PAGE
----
Journal of School Health
BACKGROUNDUnderstanding teachers' appraisals of student wellness services and supports during COVID-19 is essential to strengthening services and improving student health outcomes. This mixed-method study aimed to examine US PK-12 teachers' appraisals of student wellness services and supports during COVID-19.METHODSThis study focuses on qualitative data from 291 teachers' open-ended responses to the question: “What do you wish your school leaders knew about this (wellness support) aspect of your work?” and whose responses described wellness services and supports. A qualitative content analysis was conducted by an interdisciplinary research team using open- and axial coding.RESULTSThree main themes emerged. (1) insufficient access to mental health professionals and programming at schools, (2) concern about the quality of available services, and (3) a need for teacher professional development and support on student wellness. Statistically significant differences in teacher appraisals of insufficient access to mental health professionals and programming were found based on grade level taught and percentage of immigrant students in the school.CONCLUSIONWith amplified student wellness needs, school personnel, including school leaders, must consider ways to allocate additional resources/staffing, assess the quality of services and supports, and design professional development opportunities to support teachers' involvement in supporting student wellness needs.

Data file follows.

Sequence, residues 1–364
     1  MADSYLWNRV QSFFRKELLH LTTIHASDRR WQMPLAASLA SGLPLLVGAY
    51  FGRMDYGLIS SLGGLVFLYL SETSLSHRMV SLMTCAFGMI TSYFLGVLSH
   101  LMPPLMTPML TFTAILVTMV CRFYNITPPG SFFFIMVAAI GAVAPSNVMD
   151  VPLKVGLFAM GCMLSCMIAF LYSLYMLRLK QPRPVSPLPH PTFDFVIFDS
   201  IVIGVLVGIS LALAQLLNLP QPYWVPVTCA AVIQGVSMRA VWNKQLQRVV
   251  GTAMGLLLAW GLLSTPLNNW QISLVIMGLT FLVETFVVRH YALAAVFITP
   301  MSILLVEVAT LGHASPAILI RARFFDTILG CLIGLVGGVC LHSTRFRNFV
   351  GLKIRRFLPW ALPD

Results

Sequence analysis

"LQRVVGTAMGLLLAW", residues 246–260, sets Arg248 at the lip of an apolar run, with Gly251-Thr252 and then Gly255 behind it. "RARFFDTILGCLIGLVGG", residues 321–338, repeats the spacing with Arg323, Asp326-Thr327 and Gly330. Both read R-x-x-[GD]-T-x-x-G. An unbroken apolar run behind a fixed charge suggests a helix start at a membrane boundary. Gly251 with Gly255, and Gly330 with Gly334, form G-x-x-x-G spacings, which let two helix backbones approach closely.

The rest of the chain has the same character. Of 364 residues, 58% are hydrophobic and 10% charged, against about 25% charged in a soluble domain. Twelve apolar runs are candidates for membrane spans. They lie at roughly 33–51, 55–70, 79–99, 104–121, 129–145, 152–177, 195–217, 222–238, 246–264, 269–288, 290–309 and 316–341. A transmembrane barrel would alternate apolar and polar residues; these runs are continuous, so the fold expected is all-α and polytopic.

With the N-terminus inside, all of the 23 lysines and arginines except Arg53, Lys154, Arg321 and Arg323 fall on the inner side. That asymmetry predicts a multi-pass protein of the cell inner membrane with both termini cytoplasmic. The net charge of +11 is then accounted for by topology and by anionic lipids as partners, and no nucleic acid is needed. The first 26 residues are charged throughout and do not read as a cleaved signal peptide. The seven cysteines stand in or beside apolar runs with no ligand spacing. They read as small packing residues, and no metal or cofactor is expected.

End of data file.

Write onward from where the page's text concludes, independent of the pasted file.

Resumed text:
Childs, Tasha M.; Brown, Elizabeth Levine PhD; Brown, Naomi; Iachini, Aidyn L. PhD; Phillippo, Kate L.; Galib, Linda; Parker, Audra; and Fujimoto, Ken PhD. A Mixed Method Study of Teachers' Appraisals of Student Wellness Services and Supports During COVID-19. Journal of School Health, 92, 7: 637-645, 2022. Retrieved from Loyola eCommons, Education: School of Education Faculty Publications and Other Works, http://dx.doi.org/10.1111/josh.13186
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© 2022 The Authors. Journal of School Health published by Wiley Periodicals LLC on behalf of American School Health Association.